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Old 07-16-2002, 08:35 PM   #31
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Originally posted by melon


A great flood did occur, but not a global one. Around 5000 B.C., it is believed that the Black Sea was created, as the Mediterranean Sea eroded a natural land dam, submerging a large, natural lake and the surrounding areas, shoving up the water level 500 feet. It probably rushed in very quickly, giving few a chance to escape. Considering that there was little knowledge of the world around them, they must have believed God was angry at them (which is a standard prehistoric excuse) and it *did* destroy their entire known world. As 5000 B.C. was well before written history (Genesis, itself, is only dated between 750-500 B.C.), oral tradition certainly obscured fact.

Evidence for this theory was found in artifacts found beneath 500 feet of water, where the water is completely devoid of oxygen and, hence, artifacts were well preserved. Likewise, there is no evidence for a worldwide flood.

Melon

I disagree.
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Old 07-16-2002, 08:41 PM   #32
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I'm not particularly knowledgeable on this subject and so please someone correct me if they know differently, but I am pretty sure that the flood story is almost universal in different cultures/religions/mythologies lending a good deal of credibility to the theory of there having been an actual flood (or, of course, that the flood is a universal metaphor). It's the Noah's Ark part that seems sketchy to me.
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Old 07-16-2002, 08:47 PM   #33
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I think we give too much credit to the people who wrote the Bible. Surely, it is convenient to state that the Bible is from God and infallible, but not even early Christians believed in Biblical infallibility. The one sect who did believe in it--the Gnostics--were destroyed as heretics.

The Old Testament was mostly taken from medieval translations, as the original texts were long missing. The Dead Sea Scrolls, which are our only connections to the "original" Old Testament, prove that the Bible has never been a faithfully translated book. As Judaism was highly fragmented (and still is), each sect had their own books. While they certainly had many in common, they also wrote them down to suit their own beliefs and biases. The idea of accuracy is only a modern phenomenon, just as young as environmentalism.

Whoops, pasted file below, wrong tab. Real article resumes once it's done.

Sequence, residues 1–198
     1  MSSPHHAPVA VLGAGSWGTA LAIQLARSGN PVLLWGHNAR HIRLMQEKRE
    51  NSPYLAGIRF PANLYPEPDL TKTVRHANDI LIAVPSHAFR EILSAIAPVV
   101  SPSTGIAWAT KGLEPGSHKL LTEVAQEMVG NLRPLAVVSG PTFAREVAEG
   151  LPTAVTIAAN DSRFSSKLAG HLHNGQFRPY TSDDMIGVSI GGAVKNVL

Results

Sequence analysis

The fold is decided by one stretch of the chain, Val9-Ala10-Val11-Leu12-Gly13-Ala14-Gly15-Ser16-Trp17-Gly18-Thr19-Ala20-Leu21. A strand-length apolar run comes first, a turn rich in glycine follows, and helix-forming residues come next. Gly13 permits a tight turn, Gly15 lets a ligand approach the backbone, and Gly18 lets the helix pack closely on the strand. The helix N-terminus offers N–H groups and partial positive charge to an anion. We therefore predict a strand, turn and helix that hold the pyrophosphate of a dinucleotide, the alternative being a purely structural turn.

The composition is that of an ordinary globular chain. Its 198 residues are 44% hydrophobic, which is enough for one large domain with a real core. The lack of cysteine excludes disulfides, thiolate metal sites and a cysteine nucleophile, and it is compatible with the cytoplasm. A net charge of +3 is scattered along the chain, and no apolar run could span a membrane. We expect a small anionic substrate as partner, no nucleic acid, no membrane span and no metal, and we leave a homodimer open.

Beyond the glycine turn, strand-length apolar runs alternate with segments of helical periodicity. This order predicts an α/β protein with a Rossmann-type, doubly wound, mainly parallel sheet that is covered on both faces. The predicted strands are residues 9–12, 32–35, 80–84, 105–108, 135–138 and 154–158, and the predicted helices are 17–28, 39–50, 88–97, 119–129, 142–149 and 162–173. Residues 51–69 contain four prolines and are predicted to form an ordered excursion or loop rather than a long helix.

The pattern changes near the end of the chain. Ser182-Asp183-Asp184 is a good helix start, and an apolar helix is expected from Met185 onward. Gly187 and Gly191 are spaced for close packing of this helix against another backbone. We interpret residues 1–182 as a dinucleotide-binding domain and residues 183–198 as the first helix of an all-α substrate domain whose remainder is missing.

Honestly, it is more than evident that our faith is just as prone to tradition than fact, just as every other religion in all of history. The idea of "the Rapture," for instance, was mostly detailed by 19th century preacher, John Nelson Darby (1800-1882). Darby developed a full-blown theology that incorporated the teaching that Jesus would return secretly (His "second" coming) to rapture His true followers, leaving the rest behind to be ruled by an evil Antichrist for seven years, and then return again (His "third" coming) in a visible, glorious coming to destroy the Antichrist, save those who were converted during the seven-year tribulation, and establish His own kingdom.

I really think we'd be wary of some of these very popular Biblical beliefs, because the Pharisees had plenty of their own and most all of them were smashed when Jesus came the first time. The Pharisees expected a warrior Christ to exult their kingdom of Israel to epic proportions, which, if you read the Old Testament, you can literally derive that. Jesus delivered them nothing of the sort, but rather of heavenly kingdoms. Now we demand that Christ return as a warrior to destroy our enemies and exult ourselves to epic proportions. Nothing in 2000 years has changed, and I think it would only be ironic if Jesus returned the second time as quietly as He came the first time.

As I read this topic over, I see we are grappling for straws and leaving Jesus behind. At this point, I often believe that the Bible itself is becoming an obstacle to faith.

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Old 07-16-2002, 08:54 PM   #34
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Originally posted by RavenStar
I don't think romans would have been wearing those hat things(cant remember their name).
Since technology was limited back then they might not have known if Jesus was dead.
Surely you admit that such a theory is a bit of a stretch, oui?

Seriously, if the Romans were proficient at ANYTHING, it was killing people.
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Old 07-16-2002, 10:06 PM   #35
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And don't you think that Mary being a virgin is a bit of a streach?
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Old 07-16-2002, 11:14 PM   #36
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Originally posted by Achtung Bubba

Either way, I don't think it invalidates the Bible in any way, just our mental picture of Golgotha.
It was never my intent to invalidate the Bible, simply offering up some food for thought.

Here's some more...Jesus said he would be dead for 3 days and 3 nights be resurecting...the same amount of time that Jona was in the whale. That would be 3, 24 hour cycles totaling in at 72 hours. It's quite impossible that Jesus was layed to rest on a Friday evening and resurected the following Sunday morning. Friday night to Saturday night = appx. 24 hrs. Saturday night to Sunday morning = appx. 12 hrs. 24+12=36 hrs or 1.5 days. Something's not right there. I chalk it up to the pagan origins of today's "Christian Holidays."

I'm really beginning to believe that our religion has been, to a great degree, perverted from its true purpose.

To only have seen the Truth with my own eyes, things would have been a bit more straightforward.
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Old 07-17-2002, 01:20 AM   #37
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Originally posted by Se7en
It was never my intent to invalidate the Bible, simply offering up some food for thought.
I didn't mean to suggest otherwise.

Among other reasons, I'm focusing on whether Jesus actually died rather than the Deluge or the shape of the cross because it is infinitely more theologically important.